These portraits are pre-surgery photos of people who already underwent cosmetic surgeries. When I first saw the portraits on cosmetic surgery websites, I was almost instantly drawn by the richness of the faces. Although, there were watermarks all over the portraits added by the website, and despite that these photos were taken by the surgery usually right before they entered the operation room as cold, medical evidence, I could tell the complex emotions on these faces: hope, insecurity, determination, farewell, secret…Of course they have so many things to say, because a moment after the photo was taken they were going to say goodbye to the face, and even the identity and memories attached to that face. I think those are really, really sad photos. And I think people who decide to undergo cosmetic surgeries are very brave. I know some of them are teenagers who were originally afraid of even having injections; some borrowed money to do the surgeries; some decided to do the surgeries anyway despite that they did thorough research in advance and knew about the risks they were going to face. And it makes me think: what makes people still go for cosmetic surgeries so firmly despite all these obstacles?

The portraits also remind me of post-mortem photos and even all the photos – the moment they are being made suggests the past and the lost. I guess I just really want to restore the portraits to their original look. So, I removed the watermarks. But I also want to reflect the pains that they are about to go through, and the insecurity about appearance that stays the same after the surgeries, so I tried to keep their original look despite carving out patterns on them.

“(…) I could tell the complex emotions on these faces: hope, insecurity, determination, farewell, secret…”

What were the reactions you received in response to ‘Make Me Beautiful’? And what do you think are the ‘rights’ and ‘wrongs’ in addressing this subject matter?

A distant friend came to me after she saw the work and told me that she recognised herself in my portraits. She also had the experience of visiting different cosmetic surgeries trying to find anti-aging solutions. I was surprised but also very grateful to hear her sharing this experience with me because usually, people tend to keep it a secret. Also, since I did the project mostly from my own perspective, I didn’t have much chance to know if my experience is universal except from other people’s responses.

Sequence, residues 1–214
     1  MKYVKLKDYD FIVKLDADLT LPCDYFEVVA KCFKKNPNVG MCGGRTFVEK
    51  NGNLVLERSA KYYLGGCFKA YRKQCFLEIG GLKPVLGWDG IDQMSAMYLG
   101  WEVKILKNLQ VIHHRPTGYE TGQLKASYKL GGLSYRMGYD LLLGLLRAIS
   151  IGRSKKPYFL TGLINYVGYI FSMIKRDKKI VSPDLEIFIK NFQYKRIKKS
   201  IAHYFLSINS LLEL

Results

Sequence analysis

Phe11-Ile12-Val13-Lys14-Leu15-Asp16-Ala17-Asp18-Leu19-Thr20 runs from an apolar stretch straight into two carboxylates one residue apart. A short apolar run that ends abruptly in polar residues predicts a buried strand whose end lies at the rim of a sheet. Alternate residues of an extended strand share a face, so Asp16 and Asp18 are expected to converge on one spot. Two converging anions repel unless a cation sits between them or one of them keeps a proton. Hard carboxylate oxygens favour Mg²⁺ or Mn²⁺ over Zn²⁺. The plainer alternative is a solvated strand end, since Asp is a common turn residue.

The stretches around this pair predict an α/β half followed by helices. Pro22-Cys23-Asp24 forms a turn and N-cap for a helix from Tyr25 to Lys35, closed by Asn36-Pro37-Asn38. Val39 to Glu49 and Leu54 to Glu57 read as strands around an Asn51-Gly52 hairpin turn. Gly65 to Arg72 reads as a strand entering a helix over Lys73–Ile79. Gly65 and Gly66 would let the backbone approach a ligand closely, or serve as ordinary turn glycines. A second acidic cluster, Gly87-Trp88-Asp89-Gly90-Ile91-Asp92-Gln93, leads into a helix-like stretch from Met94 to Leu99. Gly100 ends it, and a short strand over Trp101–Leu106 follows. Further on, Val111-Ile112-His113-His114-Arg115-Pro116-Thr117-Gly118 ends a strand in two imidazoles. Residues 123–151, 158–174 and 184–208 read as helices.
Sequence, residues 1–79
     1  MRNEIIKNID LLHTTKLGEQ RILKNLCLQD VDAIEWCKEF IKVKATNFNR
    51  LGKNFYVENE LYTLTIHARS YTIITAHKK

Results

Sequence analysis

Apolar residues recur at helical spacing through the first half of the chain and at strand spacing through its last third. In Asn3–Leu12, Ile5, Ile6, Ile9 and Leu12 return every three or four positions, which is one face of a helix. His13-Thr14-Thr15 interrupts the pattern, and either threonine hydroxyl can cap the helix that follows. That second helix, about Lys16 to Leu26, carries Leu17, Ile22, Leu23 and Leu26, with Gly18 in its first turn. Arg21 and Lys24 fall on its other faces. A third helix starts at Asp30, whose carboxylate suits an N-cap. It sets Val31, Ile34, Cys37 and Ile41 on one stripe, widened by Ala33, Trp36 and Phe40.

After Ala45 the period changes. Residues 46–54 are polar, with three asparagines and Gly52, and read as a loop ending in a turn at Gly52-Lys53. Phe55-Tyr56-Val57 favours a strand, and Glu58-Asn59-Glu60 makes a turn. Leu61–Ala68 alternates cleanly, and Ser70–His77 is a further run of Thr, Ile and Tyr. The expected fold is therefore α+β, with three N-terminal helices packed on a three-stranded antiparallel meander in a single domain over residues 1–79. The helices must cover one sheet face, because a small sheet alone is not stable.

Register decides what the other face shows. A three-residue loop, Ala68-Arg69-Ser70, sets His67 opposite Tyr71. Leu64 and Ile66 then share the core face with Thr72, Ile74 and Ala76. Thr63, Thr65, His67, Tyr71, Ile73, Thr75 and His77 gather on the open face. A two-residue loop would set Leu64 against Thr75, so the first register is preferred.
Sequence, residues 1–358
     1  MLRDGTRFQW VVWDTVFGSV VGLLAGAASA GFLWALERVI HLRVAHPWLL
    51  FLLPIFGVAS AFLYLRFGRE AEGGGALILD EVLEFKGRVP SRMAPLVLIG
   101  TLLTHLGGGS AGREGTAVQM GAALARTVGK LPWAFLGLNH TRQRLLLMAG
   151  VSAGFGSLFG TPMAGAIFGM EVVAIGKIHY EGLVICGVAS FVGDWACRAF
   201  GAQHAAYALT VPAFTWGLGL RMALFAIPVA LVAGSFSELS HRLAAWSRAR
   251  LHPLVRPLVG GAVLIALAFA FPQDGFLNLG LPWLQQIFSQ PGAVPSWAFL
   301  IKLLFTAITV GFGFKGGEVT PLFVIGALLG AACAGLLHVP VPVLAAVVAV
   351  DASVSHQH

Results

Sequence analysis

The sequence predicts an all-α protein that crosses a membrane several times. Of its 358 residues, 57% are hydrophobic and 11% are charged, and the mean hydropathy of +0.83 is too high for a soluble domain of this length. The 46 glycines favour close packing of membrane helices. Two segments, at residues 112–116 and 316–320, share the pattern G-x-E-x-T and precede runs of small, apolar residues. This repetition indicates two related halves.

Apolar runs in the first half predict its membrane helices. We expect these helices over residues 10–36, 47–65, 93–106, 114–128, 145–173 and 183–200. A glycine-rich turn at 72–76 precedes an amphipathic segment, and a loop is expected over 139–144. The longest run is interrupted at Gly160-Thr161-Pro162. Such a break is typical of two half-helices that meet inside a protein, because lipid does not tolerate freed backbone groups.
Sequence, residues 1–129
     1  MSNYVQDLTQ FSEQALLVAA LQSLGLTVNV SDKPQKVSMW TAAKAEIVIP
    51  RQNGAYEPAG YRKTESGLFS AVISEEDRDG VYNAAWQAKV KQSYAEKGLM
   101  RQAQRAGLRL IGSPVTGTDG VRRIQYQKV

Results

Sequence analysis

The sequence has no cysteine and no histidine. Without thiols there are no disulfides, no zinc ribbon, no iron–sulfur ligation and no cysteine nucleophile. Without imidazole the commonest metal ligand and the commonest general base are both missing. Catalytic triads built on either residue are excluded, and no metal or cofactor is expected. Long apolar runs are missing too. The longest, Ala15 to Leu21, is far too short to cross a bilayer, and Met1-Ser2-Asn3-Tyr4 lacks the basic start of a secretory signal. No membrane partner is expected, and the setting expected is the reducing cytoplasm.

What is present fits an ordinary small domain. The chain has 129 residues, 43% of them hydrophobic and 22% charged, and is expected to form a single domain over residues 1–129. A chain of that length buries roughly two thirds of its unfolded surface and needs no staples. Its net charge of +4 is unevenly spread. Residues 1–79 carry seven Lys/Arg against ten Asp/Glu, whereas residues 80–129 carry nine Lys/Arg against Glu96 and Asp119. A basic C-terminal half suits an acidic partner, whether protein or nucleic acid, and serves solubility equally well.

I think such subject matter can be very tricky because it involves intertwining power structures between the gazer and the object of the gaze, both existing in the visual culture behind cosmetic surgery and in the photographic practice. In my case, I was standing along with the people who have undergone cosmetic surgeries from the beginning and put myself under the gaze instead of in the position of the gazer – or to put it more accurately, I was mixing the two roles via selfie. This special standpoint naturally obliges me to consider the sensitivities involved in the issue. I think it’s important not to objectify the subjects in visual representation, especially when the cosmetic surgery they have undergone is already a kind of self-objectification. I also try not to show my attitude towards cosmetic surgery in the work, because I know a lot of people who are aware of the self-objectification involved in their recognition of themselves, and the risks of cosmetic surgeries, and still couldn’t help but go through them. I sense this helplessness in myself too.

Another issue that intrigues me is the ethics of portrait photography involved in this subject matter. I think many projects on cosmetic surgery involves the deformation of faces, virtual faces, algorithm-rendered faces that theoretically does not match any real subjects. But I don’t feel this grant the photographer immunity to do anything to the image. What matters here is not a specific face, but the issues behind the face that everyone is confronted with.

“(…) I think it’s important not to objectify the subjects in visual representation, especially when the cosmetic surgery they have undergone is already a kind of self-objectification.”

In ‘Make Me Beautiful’, you are personally involved while pointing to an issue that is universal. What has this project brought to you and what do you still aim to achieve with it?

The project unexpectedly developed into a kind of therapy for me. I feel it’s as if I separated the part of me who is unconfident about my appearance from the part of me who used the less personal, objective photographic eye to observe the journey of an unconfident person seeking cosmetic surgery solutions. When I look into the mirror now, I feel that I’m looking at myself from the two perspectives, and it helps me to keep some distance with my low self-esteem. And I do hope this flickering reversion of power structures could empower people who have a similar experience.